Bradburne appeared to have the race in safe keeping but took things too easily yards from the line, allowing Angelo's Double to snatch victory.
The hapless jockey, who captured the Fegentri Amateur Riders' World Series title only last weekend, returned to heckling from a number of irate supporters of the 9-4 market leader and was called before the stewards to explain his riding.
The stewards' secretary, Rachel Tonks, said: "The stewards took the view that Bradburne's actions in dropping his hands cost him a winning chance as he was clear before he did so six strides from the winning post."
Seabrook Lad's trainer, Charlie Morlock, was furious about Bradburne's actions: "It wasn't bad luck it was bad judgement. The bloke dropped his hands - he should have got three months not 10 days."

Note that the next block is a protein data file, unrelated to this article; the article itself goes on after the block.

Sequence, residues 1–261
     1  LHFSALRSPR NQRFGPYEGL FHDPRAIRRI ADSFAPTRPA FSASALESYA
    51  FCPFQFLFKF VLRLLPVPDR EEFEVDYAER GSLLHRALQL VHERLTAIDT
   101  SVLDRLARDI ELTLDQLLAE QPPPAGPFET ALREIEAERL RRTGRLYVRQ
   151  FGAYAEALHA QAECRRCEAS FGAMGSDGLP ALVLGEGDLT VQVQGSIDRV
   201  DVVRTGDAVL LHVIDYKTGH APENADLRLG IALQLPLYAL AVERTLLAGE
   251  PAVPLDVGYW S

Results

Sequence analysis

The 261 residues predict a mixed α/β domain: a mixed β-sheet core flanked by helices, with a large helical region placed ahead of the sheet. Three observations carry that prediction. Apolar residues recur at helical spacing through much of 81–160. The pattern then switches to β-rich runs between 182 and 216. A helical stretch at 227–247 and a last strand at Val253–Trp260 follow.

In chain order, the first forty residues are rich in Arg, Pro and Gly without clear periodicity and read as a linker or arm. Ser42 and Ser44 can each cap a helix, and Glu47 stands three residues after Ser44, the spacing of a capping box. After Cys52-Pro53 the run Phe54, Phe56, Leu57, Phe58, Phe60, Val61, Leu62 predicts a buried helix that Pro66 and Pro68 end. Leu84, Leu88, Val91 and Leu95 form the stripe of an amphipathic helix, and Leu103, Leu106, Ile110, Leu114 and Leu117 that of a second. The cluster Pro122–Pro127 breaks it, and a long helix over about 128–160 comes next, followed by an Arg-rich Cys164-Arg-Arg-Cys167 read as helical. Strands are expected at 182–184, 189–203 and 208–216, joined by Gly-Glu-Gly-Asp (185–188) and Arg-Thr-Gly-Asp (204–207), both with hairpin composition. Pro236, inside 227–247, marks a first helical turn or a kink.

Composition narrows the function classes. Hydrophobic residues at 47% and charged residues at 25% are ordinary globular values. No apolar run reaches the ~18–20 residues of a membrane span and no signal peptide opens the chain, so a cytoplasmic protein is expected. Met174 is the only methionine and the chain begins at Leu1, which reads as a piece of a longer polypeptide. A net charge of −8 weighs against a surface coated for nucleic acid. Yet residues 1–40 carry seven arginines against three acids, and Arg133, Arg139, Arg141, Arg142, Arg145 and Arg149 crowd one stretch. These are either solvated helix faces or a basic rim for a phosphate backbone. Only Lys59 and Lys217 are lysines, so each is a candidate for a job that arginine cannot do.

Bradburne took the stewards' decision on the chin, saying: "I'm frustrated about the whole affair but that's a lesson learned as far as I'm concerned."
Anthony Evans was another amateur in trouble when he was found guilty of improper riding on Gutteridge, trained by his father David, who collapsed and died after finishing an exhausted last of six in the same race. Evans was banned for five days.
The stewards' secretary, Ashley Bealby, said: "Evans failed to pull up Gutteridge, who was exhausted when coming to a virtual standstill three fences from home, and jumped the last two fences on a horse who was clearly out on its feet and collapsed and died afterwards."
Ted Stanners maintained his 100 per cent record with a training licence when Mr Pipeman landed a gamble from 20-1 to 14-1 in the claiming hurdle. The trainer saddles Dawn Leader in the Tripleprint Gold Cup at Cheltenham tomorrow.
"That's two winners from two runners. Dawn Leader will be my third so it's a bit nerve-wracking, but all the horses are in good heart," Stanners said.Reuse content